HAM
The hybrid annuity model could clear the clouds of project risk for private developers.

By November, national highway development will see a new mode of implementation called Hybrid Annuity Model. Nodal agency National Highways Authority of India has already drafted a model concession agreement that is awaiting approval from the Union ministry of road transport & highways. The formal go-ahead is likely to be in place by August.

The proposed hybrid model aims to reduce the risk associated with the developer but at the same time increases the financial outgo of NHAI. Under the new model, the project cost will be shared in the ratio 40:60 by NHAI and the developer, respectively. NHAI will also take the responsibility of collecting toll revenues, which is the core return on investment to the developer. As per available reports, NHAI will collect toll from road users and will refund the same to the developer over a ten-year period.

For developers, the fact that NHAI would share 40 per cent of the project cost would mean faster financial closure. Lending agencies would also be more forthcoming in sanctioning loans as NHAI would also be a 40 per cent shareholder in the project. However, for NHAI, this means higher financial outgo as compared with the BOT mode of implementation.

Currently, there are three popular modes of implementation – EPC, BOT (Toll) and BOT (Annuity). Under both the variants of the BOT model, the developer shoulders the entire risk of project financing, construction and operation during the concession period. NHAI, the grantor of concession, does not have a financial risk as it does not share the project cost. NHAI is responsible for land acquisition and securing all mandatory clearances. In the BOT-Toll model, the developer collects the toll while in the BOT-Annuity mechanism, the developer gets an annual revenue stream (annuity) during the concession period. The annuity mode is usually adopted on stretches where no toll is collected from highway users, or when the toll collection is not remunerative enough.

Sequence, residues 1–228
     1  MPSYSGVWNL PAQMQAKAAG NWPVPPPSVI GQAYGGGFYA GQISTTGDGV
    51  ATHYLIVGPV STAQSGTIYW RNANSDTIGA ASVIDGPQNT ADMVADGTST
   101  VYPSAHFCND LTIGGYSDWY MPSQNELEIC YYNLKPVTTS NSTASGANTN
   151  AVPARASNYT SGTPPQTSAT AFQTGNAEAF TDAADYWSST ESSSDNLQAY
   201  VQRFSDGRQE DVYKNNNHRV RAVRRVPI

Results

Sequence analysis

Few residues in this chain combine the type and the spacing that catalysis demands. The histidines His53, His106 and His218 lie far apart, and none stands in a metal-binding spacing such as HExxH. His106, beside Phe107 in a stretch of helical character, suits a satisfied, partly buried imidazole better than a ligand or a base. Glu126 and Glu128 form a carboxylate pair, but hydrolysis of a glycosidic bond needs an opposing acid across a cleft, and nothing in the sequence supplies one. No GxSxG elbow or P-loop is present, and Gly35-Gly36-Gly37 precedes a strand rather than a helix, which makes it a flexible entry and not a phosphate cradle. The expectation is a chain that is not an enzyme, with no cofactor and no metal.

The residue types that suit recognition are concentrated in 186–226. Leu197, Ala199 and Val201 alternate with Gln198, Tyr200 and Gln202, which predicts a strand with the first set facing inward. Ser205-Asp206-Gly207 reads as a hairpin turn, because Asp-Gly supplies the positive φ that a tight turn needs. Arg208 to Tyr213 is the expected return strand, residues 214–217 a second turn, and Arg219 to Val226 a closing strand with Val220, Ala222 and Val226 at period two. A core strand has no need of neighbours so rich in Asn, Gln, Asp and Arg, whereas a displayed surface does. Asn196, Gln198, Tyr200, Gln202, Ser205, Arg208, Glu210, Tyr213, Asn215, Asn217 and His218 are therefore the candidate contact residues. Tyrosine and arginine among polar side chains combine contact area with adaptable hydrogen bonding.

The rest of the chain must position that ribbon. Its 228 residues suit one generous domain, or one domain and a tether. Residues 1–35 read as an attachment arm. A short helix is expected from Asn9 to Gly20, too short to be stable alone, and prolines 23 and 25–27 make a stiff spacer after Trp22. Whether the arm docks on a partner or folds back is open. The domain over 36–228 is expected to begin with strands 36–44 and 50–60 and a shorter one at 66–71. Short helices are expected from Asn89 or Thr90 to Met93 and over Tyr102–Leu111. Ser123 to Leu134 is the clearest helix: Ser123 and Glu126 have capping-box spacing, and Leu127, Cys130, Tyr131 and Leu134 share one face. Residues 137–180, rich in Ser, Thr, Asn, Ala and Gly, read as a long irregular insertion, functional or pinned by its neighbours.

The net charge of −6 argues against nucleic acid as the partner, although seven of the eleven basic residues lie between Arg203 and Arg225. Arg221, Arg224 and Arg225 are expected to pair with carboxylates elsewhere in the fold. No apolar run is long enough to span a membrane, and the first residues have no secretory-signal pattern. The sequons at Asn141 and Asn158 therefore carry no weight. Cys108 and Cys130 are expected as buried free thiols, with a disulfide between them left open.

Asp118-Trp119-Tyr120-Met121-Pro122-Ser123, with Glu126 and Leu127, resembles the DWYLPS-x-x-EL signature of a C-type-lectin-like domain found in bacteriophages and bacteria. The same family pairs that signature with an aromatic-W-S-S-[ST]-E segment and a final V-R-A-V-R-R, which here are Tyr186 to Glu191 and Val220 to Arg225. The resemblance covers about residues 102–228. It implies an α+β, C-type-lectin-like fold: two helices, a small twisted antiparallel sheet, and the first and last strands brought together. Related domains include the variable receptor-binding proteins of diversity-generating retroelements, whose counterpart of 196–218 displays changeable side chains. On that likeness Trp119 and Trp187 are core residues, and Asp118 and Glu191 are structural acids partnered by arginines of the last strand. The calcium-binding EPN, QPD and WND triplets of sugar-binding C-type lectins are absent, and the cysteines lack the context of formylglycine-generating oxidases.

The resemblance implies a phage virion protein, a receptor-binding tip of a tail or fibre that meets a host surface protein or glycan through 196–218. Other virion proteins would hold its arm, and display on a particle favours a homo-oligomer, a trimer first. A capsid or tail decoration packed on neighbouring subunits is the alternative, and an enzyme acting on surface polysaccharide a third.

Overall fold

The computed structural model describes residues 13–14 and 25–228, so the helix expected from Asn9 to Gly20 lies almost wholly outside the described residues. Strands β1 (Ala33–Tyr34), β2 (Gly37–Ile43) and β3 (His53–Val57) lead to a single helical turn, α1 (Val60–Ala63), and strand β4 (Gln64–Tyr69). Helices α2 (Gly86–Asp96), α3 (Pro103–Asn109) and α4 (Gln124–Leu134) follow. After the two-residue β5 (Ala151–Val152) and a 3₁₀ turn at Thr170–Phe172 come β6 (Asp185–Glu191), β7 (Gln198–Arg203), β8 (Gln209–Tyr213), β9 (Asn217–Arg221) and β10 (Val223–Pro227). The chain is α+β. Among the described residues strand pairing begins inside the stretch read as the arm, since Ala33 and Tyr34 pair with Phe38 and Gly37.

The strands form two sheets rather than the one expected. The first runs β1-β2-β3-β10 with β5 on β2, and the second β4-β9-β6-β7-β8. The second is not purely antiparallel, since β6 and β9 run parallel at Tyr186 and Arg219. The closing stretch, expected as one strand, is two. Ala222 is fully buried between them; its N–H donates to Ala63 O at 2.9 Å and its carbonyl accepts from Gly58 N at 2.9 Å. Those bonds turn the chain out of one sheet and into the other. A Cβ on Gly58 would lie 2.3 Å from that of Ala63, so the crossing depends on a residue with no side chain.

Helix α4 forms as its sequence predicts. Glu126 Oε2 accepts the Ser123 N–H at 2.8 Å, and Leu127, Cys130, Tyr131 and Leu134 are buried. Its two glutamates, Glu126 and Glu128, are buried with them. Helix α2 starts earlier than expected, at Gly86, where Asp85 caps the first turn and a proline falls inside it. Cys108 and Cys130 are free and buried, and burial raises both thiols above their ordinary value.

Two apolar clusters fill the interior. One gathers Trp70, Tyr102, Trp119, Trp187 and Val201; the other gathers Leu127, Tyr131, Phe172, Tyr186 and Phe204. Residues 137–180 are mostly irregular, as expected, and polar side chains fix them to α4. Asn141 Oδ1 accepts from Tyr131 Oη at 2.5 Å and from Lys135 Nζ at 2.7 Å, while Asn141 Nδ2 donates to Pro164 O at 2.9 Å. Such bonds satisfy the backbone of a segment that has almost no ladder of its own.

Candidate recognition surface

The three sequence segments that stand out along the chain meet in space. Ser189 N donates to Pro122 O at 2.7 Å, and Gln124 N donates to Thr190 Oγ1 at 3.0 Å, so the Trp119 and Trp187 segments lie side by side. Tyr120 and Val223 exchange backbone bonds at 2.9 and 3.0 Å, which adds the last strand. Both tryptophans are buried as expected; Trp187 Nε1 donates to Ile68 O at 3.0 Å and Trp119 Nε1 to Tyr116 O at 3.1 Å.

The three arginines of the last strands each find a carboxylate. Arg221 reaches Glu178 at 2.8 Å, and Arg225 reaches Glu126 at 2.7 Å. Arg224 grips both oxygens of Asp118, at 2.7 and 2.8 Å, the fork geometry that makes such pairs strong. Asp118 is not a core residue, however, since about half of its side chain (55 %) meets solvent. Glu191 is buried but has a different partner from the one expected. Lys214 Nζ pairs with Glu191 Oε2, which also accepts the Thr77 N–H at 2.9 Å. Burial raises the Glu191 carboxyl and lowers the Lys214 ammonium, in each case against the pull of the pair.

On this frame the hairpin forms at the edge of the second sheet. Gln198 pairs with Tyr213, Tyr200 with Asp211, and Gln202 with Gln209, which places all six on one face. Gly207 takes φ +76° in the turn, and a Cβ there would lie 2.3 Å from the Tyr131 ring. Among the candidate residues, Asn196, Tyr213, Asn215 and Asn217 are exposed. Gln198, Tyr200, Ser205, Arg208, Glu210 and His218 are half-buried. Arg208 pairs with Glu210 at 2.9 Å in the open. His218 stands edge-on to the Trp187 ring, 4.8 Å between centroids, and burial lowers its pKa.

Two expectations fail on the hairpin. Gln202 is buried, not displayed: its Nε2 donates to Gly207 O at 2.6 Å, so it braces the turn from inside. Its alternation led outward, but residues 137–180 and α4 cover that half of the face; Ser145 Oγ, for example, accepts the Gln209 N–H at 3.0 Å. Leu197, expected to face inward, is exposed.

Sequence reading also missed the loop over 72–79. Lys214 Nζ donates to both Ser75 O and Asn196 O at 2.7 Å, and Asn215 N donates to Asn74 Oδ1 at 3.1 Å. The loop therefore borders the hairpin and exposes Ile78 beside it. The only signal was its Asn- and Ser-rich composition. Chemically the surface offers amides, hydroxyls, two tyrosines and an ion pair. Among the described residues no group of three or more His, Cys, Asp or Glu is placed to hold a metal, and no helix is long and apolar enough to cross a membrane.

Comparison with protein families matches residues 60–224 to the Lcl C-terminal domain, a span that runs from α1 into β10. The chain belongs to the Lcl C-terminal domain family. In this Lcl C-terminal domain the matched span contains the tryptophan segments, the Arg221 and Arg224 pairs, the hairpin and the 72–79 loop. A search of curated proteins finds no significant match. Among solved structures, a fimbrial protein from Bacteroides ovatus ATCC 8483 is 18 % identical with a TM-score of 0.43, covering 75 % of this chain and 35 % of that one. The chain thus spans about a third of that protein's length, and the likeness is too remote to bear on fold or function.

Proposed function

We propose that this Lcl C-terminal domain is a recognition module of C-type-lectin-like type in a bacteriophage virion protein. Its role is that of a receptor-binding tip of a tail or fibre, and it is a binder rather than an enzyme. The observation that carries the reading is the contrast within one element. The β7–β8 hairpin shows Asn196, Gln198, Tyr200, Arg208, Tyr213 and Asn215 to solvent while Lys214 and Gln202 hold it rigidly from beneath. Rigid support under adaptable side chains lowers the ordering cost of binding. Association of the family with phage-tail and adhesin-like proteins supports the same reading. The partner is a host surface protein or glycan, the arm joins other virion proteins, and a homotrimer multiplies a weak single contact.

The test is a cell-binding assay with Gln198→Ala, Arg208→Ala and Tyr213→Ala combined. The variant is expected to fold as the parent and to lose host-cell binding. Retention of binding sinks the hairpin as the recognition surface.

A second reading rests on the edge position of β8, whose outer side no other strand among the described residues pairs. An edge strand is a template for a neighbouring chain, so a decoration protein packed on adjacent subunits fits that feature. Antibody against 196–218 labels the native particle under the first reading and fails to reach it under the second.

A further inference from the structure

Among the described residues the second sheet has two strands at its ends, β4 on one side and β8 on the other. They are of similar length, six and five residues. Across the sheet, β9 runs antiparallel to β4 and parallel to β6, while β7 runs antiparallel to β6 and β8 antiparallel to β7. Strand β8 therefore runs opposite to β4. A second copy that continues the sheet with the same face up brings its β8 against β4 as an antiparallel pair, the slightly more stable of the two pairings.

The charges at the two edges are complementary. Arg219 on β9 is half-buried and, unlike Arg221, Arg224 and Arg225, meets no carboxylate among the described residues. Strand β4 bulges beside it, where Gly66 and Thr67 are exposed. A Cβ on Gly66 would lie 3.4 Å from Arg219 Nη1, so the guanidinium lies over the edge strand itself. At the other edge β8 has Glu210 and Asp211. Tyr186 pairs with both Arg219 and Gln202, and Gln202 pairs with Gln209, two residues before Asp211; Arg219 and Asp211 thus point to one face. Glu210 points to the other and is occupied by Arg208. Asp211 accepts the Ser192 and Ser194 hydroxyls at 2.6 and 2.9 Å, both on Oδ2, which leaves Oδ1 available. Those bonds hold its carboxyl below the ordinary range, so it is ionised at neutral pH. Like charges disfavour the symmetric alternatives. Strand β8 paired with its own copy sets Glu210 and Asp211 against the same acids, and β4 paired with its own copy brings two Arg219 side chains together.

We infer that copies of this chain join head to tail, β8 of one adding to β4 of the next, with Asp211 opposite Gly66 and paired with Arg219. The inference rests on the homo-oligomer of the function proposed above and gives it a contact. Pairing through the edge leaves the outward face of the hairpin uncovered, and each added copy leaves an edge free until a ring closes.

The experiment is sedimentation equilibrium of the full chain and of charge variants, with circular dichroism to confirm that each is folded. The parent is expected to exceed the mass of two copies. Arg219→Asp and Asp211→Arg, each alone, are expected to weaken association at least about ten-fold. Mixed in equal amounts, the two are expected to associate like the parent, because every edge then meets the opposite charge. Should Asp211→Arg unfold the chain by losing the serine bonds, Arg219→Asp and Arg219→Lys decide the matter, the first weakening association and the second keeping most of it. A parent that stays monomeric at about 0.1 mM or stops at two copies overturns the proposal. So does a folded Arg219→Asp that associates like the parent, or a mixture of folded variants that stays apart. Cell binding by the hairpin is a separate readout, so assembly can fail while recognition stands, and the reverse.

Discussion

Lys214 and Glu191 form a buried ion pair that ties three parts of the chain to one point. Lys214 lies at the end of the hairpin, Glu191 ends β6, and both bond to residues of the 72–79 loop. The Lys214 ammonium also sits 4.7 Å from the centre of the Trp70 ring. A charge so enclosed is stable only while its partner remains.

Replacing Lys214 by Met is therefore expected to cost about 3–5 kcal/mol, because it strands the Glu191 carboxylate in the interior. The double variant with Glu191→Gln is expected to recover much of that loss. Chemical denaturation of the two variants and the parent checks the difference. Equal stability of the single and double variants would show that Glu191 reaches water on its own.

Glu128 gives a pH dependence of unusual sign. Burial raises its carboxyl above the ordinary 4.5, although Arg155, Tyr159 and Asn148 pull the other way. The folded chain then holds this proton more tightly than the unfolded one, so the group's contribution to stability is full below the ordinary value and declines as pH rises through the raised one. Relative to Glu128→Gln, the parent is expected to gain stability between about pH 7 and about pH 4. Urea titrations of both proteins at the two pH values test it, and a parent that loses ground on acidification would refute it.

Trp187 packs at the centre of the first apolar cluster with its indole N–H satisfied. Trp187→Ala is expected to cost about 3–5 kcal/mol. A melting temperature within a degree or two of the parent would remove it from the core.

In the EPC mode of implementation, NHAI bears the entire risk of the project. There is no private developer involved in the operations of the highway. The project is constructed through EPC contractors that only share construction risk without financial risk. In this mode though, the financial outgo of NHAI is the highest. The EPC route is adopted selectively for “unattractive” projects where private entrepreneurship—through BOT (Toll) or BOT (Annuity)—is unlikely to materialize.

For NHAI, the hybrid annuity model (HAM) could be an effective alternative to the EPC mode. Given that NHAI would be sharing 40 per cent of the cost, developers could see some merit vis-à-vis the BOT (Toll or Annuity) route. If NHAI succeeds in converting unattractive stretches from EPC to HAM, it could do good to its cash flows as the agency would now need to finance only 40 per cent of the project cost. Given that NHAI will be sharing 40 per cent of the project risk, the HAM mode can inspire EPC contractors, especially those with only low or medium risk appetite, to turn into developers.

The government hopes to award 12 national highway projects aggregating 576 km, for which DPRs are ready, during FY16. The total outlay of these projects is an estimated Rs.15,905 crore. For FY17, another 15 projects aggregating 1,105 km are envisaged for implementation using the proposed hybrid annuity model.


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